“Once that forest is cleared there’ll be new rides, pavilions, and parking lots!” he said with a Cheshire cat smile. I glanced through the glass doors to see Janet in animated conversation with people who were important to her career. Thus, pretending not to be revolted was the most make-believe attitude I could come up with. I had lost my appetite.

I looked at the body of water near the burning forest. “Do you imagine there are alligators in there?” I asked him.

We returned to the exhibition floor to check out all sorts of new veterinarian equipment but my mood was now sour. We both liked the idea of me as a make-believe vet, but my heart wasn’t in it anymore. I did my best and tried out a new endoscope type device to surgically go inside a pepper and remove a seed. “That was…nothing like I imagined.” I told the salesman “I recently had some…bull copulation situations where this would have come in handy.” Janet pushed me onward, as I obviously wasn’t even trying any more. Disappointed in my poor showing, she put me out to pasture by the pool with a book and returned to her seminars.

Sea World was pricey, but you could get free tickets by taking a timeshare tour. All you had to do was pretend to be a happy couple, which was not always true for us, interested in a timeshare and then NOT buy a timeshare at the end of the tour. Everyone who took the tour received two free tickets to Sea World. This is what we did after the conference was over. I admit we weren’t thrilled with zoos and seeing large animals in enclosed areas, but it seemed less vulgar than the Magical Empire.

“I’ll be the bad cop!” I said seriously. “You act like you like the place and I’ll be all pissy and act like I hate it. You can bitch at me and be all angry.”

“Right.” Janet agreed with a laugh and a roll of her eyes. “You’re a bad cop.”

“Yes I am.” I said. I wanted to redeem myself after my failed attempt at being a make-believe veterinarian. This I could do. Driven around the timeshare village in a golf cart, we were shown a variety of homes to buy. Most houses had complementary food and we took more than our fair share when nobody was looking. “Love the booth-like seats in the kitchen.” I said because . . . I do kind of like booths. I thought the remote televisions hidden in the walls were pretty cool also. “Very nice indeed.” I said as Janet gave me a look that stopped me in mid sentence and reminded me about my promised bad cop persona.

In the golf cart again our sales rep rambled on, about a pool or something, as we drove past a large lake which sat in the middle of timeshare village. “I don’t think I care for that lake,” I said, giving Janet my best bad cop look. Too little, too late.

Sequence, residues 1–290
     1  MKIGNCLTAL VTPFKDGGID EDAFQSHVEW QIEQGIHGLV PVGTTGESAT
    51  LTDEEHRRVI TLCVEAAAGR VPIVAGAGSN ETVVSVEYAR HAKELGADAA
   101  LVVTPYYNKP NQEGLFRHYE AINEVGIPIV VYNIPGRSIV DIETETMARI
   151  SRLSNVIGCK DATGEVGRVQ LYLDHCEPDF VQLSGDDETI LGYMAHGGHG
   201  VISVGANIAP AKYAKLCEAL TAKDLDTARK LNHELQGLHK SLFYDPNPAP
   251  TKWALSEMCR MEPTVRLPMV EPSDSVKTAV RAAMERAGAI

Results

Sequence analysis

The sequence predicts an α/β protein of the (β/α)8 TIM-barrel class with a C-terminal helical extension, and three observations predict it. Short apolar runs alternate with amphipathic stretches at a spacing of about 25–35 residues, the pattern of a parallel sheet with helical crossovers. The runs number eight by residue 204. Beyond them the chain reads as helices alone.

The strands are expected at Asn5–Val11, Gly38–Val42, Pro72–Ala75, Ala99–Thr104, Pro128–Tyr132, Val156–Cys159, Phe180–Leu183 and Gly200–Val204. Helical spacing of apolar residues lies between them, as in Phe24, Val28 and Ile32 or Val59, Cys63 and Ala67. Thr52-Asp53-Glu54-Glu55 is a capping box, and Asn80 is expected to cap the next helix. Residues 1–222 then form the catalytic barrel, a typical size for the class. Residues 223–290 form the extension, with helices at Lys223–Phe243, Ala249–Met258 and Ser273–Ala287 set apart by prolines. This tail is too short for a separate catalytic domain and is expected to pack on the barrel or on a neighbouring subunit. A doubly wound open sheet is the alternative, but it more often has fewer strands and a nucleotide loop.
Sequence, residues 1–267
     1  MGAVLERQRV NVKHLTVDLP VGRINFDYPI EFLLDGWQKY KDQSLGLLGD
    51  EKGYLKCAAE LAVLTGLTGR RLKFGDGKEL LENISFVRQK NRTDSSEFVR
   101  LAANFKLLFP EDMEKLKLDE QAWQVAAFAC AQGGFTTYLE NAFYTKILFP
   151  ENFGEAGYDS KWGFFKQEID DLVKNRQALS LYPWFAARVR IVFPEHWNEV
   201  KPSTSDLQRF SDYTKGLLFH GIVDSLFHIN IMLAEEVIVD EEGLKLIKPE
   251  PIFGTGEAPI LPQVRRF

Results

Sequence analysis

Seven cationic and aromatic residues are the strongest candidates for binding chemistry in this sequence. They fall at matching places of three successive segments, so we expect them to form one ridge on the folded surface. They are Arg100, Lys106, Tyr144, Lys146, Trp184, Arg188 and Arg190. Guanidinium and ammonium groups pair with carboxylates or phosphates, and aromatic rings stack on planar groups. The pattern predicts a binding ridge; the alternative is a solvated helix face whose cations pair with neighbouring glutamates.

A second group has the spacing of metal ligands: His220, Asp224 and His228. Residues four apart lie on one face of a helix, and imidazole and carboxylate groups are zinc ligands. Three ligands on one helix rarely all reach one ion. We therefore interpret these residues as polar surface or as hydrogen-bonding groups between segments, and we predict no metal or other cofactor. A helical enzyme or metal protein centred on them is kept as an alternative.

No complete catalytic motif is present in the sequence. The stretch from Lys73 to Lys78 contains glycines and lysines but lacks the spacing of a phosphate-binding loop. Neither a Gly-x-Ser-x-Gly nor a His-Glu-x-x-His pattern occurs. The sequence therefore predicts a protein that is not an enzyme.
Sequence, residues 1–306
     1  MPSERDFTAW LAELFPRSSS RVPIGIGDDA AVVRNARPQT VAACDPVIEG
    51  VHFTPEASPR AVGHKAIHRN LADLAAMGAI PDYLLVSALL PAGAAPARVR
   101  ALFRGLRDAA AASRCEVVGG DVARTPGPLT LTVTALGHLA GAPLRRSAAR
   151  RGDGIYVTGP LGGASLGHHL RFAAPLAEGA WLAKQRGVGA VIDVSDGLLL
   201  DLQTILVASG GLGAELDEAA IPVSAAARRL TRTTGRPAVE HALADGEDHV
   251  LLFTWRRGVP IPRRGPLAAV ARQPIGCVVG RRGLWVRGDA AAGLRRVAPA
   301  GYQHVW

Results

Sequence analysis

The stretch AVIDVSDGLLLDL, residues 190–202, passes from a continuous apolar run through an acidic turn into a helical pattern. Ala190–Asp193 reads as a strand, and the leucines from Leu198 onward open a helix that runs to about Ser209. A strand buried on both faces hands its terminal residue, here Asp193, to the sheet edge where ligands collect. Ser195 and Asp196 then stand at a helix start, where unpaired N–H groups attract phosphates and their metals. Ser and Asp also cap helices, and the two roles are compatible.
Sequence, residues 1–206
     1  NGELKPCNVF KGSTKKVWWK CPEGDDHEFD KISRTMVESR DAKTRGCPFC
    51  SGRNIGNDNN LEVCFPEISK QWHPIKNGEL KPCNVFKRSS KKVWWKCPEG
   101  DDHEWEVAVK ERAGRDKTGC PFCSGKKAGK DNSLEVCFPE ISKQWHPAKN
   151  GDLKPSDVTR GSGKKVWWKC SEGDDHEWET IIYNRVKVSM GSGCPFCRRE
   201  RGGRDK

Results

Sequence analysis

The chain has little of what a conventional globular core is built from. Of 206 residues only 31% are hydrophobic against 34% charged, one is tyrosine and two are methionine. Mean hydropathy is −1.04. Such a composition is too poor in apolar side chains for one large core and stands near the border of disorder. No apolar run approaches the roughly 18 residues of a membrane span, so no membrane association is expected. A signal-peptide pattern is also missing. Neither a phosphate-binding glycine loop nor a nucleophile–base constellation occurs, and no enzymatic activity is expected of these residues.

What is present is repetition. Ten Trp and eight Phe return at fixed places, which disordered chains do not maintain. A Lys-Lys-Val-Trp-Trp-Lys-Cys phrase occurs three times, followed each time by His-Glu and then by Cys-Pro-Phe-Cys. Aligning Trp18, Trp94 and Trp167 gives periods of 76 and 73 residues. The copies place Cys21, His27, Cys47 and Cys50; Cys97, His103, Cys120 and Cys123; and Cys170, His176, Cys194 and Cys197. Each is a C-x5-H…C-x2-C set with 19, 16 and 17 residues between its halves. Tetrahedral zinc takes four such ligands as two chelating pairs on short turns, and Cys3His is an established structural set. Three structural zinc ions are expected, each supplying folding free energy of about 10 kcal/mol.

Eventually, we ended up in their office with a perky sales woman who gave us various options for affording a timeshare. She smiled, laughed, and tried to charm us, but my mind was on asphalt parking lots and the food stashed in our bags. “I can’t afford a timeshare.” I told her bluntly. “I’m a poor artist. I’ve been day dreaming most of the time you were talking as it is.” Her face instantly changed from sweetness to solemn annoyance as she quickly filled out the paper work involved in getting us our Sea World tickets. That was the highlight of the trip for me. Seeing her look at me with such disdain, a face filled with real emotion for just a few moments.

As we left the office Janet burst out, “You gave them your real phone number! You’re supposed to give a fake. They’ll be annoying you with phone calls now. What were you thinking?”

“Oh right. A make-believe number,” I said as we headed off to watch dolphins jump through hoops for fish treats.

Long after Janet and I broke up, I would receive phone calls from the timeshare sales people in Florida just as she warned. These unexpected calls brought up conflicting memories of my short stint as a make-believe vet and how elusive happily ever after was with Janet. Even after I moved they would track my new number down and solicit me. “Can you guarantee an alligator in the lake?” I would ask after they gave me their pitch.

By the time I received some of the last calls from them, my once young and vibrant dog was now a graying senior who struggled to her feet and dragged her unresponsive hind legs along behind her. I could pretend not to notice, but the cold hard facts where obvious. Degenerative myelopathy.

Tim Hamilton is an artist who has adapted Treasure Island and, most recently, Fahrenheit 451 into graphic novels.